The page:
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THE NEW ZEPPELINS.

WAR MANOEUVRES OVER LAKE CONSTANCE.

The renewed activity of German airships revives interest in what is going on at the birthplace of Zeppelins on Lake Constance. The Swiss "St. Galles Tagblatt" has an interesting article on the subject, although it is not without signs of proGerman inspiration. The writer says that, even if one could not get into the actual area of the huge yards and workshops, enough is to be seen from the Swiss banks of the lake, and he asserts that every week either one or two airships are completed for service. The finished Zeppelin moves off its staples and is brought to the large "harbour" for airships near the town ; from here it makes its trial flights. Meanwhile work goes on uninter-: ruptedly at two other new airships which grow in magic fashion. From the Maybach Motoren abrik, which is attached to the Zeppelin yards, one hears (says the writer) the incessant roar of airship motors undergoing their tests; and when the cold wind blows across the lake it bears the mighty buzzing and rushing sound right away over the houses on the Swiss side.

The test trials, it seems, are no longer mere distance trials, but purely and simply war manoeuvres. The form and dimensions of the Zeppelin have altered considerably from the original types. The latest models are much longer and thinner—more fishshaped—than before, and the two cars hang lower from the body of the airship, apparently without the usual connection between them, unless a passage has been built into the gigantic body itself. The cars are armoured, and each carries at least six machine-guns and a cannon or two, besides special apparatus for bomb-throwing, and for the discharging of air-torpedoes. The point of the new model shows a metallic gleam up to about a fifth part of the whole length, and it seems that the Zeppelin Company has acquired the Schoop metalspraying process, and probably uses it to reinforce the front part of the envelope.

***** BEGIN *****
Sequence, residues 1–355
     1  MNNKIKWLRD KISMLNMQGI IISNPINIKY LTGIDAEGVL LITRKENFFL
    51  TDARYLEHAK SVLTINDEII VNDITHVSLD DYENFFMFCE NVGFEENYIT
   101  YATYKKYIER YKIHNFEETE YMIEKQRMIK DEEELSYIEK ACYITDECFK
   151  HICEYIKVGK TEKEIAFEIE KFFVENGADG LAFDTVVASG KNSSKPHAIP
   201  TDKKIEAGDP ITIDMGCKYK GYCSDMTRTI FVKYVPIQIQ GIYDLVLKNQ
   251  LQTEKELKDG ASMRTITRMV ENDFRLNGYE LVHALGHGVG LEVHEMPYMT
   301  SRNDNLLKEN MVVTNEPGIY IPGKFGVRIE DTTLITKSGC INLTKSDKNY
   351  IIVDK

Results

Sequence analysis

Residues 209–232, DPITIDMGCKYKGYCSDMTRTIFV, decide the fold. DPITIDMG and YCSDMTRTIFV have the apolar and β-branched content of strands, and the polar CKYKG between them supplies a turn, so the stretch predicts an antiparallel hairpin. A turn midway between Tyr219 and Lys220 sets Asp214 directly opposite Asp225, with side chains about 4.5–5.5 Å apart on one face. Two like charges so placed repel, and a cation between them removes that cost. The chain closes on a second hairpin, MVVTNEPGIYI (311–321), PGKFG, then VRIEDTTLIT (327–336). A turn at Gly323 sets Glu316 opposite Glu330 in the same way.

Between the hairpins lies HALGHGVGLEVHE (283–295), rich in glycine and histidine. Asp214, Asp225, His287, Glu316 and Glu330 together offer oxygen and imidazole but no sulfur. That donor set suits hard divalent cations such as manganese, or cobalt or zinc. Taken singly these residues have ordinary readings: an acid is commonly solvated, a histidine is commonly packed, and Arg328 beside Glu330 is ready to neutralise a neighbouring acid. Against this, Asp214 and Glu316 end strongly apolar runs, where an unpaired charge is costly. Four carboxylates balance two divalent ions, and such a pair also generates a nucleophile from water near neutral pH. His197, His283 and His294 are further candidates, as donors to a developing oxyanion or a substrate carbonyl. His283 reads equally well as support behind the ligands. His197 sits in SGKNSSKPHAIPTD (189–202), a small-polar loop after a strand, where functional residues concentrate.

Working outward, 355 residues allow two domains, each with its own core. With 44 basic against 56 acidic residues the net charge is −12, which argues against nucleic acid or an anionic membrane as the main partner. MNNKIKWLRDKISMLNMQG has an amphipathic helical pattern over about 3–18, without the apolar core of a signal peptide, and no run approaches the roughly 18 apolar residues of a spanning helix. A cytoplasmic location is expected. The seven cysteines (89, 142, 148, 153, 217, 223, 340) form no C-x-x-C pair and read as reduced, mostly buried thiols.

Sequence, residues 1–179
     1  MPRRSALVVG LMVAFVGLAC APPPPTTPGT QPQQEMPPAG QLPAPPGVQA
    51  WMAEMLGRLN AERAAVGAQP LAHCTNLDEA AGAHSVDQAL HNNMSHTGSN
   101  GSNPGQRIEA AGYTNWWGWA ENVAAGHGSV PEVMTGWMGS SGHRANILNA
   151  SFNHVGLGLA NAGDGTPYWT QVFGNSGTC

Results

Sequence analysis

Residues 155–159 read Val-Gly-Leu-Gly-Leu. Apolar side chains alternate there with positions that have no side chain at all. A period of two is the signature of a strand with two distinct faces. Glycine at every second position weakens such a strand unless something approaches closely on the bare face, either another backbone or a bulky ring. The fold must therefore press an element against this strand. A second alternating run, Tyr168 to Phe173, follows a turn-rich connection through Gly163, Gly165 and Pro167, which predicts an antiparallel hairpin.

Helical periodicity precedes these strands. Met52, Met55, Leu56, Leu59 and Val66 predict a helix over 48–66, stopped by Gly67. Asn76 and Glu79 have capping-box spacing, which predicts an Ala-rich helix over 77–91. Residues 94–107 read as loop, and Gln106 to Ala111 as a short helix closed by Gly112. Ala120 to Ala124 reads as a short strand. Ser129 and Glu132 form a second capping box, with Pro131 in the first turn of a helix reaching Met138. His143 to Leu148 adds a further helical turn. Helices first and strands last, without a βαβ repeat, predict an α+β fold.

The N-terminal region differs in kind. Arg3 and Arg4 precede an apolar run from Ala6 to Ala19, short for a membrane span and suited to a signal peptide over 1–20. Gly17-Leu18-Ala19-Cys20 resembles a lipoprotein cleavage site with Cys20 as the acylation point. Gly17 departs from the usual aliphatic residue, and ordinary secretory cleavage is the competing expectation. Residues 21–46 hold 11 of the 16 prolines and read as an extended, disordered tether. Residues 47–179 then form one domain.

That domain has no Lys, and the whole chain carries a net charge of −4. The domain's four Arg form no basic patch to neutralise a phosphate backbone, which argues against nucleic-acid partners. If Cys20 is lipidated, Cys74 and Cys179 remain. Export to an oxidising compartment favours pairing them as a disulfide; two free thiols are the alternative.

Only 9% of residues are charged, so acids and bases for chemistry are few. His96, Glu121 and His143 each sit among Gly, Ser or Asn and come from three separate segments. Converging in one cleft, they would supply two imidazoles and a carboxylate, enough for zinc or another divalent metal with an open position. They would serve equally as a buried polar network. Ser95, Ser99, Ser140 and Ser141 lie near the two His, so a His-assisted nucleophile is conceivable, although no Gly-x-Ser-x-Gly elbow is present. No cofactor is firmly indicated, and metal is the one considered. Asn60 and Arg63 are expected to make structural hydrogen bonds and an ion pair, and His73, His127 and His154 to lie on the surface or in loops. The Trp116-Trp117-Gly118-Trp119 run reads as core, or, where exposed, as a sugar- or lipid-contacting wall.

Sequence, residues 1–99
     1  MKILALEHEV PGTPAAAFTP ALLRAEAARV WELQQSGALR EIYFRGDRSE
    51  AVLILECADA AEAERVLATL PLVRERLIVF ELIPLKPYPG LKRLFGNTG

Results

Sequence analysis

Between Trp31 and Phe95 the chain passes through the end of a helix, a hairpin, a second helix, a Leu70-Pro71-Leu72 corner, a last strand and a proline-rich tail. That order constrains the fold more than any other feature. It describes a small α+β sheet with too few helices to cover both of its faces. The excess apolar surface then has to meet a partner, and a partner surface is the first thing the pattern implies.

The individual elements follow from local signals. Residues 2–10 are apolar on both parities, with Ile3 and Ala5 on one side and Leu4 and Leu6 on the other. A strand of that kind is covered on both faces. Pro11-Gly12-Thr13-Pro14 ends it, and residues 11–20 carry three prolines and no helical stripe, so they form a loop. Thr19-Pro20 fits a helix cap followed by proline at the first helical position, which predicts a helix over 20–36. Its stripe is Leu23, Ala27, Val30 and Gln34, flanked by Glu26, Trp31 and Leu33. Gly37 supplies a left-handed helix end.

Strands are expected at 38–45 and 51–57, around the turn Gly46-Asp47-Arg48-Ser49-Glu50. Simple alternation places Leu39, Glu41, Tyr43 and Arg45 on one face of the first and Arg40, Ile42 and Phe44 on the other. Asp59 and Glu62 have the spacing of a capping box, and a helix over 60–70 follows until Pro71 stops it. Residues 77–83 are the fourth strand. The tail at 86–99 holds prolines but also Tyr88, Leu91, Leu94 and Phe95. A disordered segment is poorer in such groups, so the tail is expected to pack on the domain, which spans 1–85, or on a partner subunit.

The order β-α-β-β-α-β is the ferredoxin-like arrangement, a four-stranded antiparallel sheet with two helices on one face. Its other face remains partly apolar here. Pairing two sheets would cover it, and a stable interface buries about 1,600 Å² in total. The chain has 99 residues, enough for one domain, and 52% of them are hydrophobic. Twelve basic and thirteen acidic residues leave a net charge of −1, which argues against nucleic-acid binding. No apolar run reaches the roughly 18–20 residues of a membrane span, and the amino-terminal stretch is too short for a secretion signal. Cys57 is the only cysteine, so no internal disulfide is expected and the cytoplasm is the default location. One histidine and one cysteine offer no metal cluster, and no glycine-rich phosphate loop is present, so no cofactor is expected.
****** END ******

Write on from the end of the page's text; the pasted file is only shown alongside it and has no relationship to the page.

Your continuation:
The battle manoeuvres are very interesting. One can see (says a Swiss writer) that the Zeppelins have increased their speed capacity, are more easily dirigible, and have improved considerably their ascending powers. Machine gun exercise can be seen and heard, and also experiments with smoking gases, which envelop the airship suddenly in an

extensive cloud of mist. If there is any mist or fog about, then the airship can suddenly disappear in the mist mysterious fashion. In the night manoeuvres the invisible Zeppelin flashes its searchlights and drops flare bombs which light up the [darkness of the lake in a ghostly Iway for several minutes. As regards the much-talked-of airtorpedoes, naturally nothing is seen of them, but, from hints that leak out, they seem to the writer to be a most important weapon of air warfare. It is said that experiments have just been successfully concluded. The newest Zeppelin that the writer saw was labelled L Z 95, and he concludes from the fact that there is another series labelled only L, that the number of German airships is well over 100. As for losses, the total so far cannot, he says, be placed at more than fifteen. Workshops for the repair of damaged Zeppelins exist in Potsdam, the Rhineland, and Belgium.

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Permanent link to this item

https://paperspast.natlib.govt.nz/newspapers/AMBPA19160426.2.9

Bibliographic details

THE NEW ZEPPELINS., Akaroa Mail and Banks Peninsula Advertiser, Volume LXXV, Issue 3539, 26 April 1916

Word Count
546

THE NEW ZEPPELINS. Akaroa Mail and Banks Peninsula Advertiser, Volume LXXV, Issue 3539, 26 April 1916

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